Nanostructure and Transition of Polyelectrolyte Brush at the Air/Water Interface by X-ray and Neutron Reflectometory

Department of Polymer Chemistry, Kyoto University, Japan
â—‹Hideki Matsuoka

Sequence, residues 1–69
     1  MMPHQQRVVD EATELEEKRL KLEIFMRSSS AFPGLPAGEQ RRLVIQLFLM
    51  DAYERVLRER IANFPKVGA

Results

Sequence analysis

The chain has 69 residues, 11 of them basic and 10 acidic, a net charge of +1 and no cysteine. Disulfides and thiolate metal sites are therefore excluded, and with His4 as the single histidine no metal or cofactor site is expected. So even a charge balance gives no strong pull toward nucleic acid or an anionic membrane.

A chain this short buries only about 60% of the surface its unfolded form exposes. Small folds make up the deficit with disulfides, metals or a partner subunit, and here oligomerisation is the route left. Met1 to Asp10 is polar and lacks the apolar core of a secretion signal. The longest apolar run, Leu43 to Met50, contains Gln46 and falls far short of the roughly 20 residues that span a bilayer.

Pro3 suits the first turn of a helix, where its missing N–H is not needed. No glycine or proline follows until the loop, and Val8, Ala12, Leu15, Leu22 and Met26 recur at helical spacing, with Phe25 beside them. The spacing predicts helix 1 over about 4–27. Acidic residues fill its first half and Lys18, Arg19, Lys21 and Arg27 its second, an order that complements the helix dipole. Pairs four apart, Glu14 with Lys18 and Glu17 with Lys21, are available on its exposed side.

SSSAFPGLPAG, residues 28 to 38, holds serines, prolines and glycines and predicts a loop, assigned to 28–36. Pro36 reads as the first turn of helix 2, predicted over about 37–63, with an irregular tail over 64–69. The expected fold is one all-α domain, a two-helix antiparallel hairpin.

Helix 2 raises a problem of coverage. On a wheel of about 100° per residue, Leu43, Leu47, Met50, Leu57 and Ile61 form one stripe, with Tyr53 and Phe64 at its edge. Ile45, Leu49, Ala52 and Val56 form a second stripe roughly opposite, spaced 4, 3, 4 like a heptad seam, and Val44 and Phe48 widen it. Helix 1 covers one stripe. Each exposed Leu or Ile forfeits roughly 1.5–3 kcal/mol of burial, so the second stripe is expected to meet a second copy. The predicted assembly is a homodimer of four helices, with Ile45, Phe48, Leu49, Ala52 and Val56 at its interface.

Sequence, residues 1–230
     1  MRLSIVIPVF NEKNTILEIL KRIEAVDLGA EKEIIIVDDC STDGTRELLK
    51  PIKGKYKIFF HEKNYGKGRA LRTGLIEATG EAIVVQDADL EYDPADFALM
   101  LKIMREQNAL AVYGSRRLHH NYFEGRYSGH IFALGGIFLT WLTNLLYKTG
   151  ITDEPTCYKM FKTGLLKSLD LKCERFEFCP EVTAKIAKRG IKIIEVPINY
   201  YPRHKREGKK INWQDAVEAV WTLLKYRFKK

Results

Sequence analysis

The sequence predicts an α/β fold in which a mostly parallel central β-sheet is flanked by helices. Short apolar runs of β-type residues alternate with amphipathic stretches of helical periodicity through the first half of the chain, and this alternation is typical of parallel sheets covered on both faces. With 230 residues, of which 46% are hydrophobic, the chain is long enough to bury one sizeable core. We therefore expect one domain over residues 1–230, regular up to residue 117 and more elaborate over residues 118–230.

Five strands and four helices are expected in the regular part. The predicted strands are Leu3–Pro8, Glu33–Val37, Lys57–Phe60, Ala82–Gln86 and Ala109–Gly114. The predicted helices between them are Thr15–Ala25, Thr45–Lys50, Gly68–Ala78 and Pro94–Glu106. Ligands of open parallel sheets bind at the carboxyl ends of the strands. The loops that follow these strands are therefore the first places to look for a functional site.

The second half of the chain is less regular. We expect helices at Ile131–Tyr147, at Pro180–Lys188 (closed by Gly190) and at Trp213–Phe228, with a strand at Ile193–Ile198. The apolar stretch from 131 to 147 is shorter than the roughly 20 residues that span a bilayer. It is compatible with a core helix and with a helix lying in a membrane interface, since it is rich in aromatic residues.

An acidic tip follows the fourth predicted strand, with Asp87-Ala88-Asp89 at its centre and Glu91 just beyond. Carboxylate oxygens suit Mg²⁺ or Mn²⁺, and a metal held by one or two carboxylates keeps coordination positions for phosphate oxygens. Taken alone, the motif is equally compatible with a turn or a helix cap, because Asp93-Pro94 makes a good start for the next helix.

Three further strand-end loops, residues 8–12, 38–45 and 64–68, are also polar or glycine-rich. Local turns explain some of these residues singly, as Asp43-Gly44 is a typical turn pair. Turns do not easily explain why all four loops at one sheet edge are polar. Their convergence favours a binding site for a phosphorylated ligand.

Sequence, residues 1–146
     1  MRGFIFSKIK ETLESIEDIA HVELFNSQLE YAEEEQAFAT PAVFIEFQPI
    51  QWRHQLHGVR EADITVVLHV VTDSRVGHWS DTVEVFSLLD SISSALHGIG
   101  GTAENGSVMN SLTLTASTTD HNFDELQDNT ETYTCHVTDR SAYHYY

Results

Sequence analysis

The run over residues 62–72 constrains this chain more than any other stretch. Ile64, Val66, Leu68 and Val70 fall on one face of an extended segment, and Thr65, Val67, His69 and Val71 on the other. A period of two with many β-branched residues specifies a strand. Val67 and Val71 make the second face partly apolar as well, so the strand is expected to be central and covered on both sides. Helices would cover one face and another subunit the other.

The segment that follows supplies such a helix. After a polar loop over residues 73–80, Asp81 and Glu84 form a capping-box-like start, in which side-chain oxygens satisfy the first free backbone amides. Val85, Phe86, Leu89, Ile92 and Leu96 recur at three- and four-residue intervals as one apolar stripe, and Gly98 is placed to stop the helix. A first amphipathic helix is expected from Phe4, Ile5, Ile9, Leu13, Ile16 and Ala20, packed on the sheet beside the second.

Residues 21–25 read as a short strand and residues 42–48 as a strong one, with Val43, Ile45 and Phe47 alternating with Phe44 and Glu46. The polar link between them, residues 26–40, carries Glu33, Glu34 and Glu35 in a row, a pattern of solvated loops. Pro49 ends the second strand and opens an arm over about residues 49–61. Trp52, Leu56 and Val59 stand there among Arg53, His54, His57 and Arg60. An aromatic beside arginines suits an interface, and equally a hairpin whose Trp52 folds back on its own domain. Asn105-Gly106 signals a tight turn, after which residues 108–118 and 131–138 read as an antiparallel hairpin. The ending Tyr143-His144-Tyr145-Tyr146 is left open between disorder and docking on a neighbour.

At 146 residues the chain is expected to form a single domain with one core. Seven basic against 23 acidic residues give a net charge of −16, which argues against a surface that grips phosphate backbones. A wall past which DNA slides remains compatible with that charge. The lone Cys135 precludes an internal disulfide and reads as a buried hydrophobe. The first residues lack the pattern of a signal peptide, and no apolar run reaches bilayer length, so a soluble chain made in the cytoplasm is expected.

X-ray and neutron reflectivity techniques (XR and NR) are the unique technique for the in situ study on the nanostructure of monolayer on the water surface. In this study, the nanostructure and its transition of ionic amphiphilic diblock copolymer monolayer at the air/water interface by XR and NR. Although the monolayer was expected to consist of hydrophobic layer on the water and polyelectrolyte brush under the water, but it has been clarified that the nanostructure is not so simple by our systematic study; the monolayer consists of hydrophobic layer, polyelectrolyte brush layer and hydrophilic "carpet" layer just in between two layers. The existence of carpet layer is quite new finding, which was become possible by in situ reflectivity study. When the hydrophilic block length is short, only carpet layer is formed and no brush layer is formed under the hydrophobic layer. Also, even if hydrophilic chain is long enough, only carpet layer is formed if the brush density is low enough. By systematical investigation with changing the brush density, we have found that there is the "critical brush density" for the transition between "carpet-only" and "carpet + brush layer" structures. The critical brush density was found in the order of 10-1 chain per nm2 and it decreased with increasing hydrophilic chain length. Also, the nanostructure of the polyelectrolyte brush layer is expected to be very sensitive to salt addition. However, the nanostructure of strongly ionic polyelectrolyte brush layer was not influenced by salt addition up to 0.2 M NaCl condition. This is due to the very high effective ion concentration in the brush layer. Beyond 0.2M NaCl, the monolayer shrunk up and the brush chain also shrunk. Hence, there is also the "critical salt concentration" for the structural transition by salt addition. In addition, the added salt ions in the brush layer were squeezed out by the compression of the monolayer by LB trough. These phenomena could be interpreted by the relative ion concentrations inside and outside the brush layer.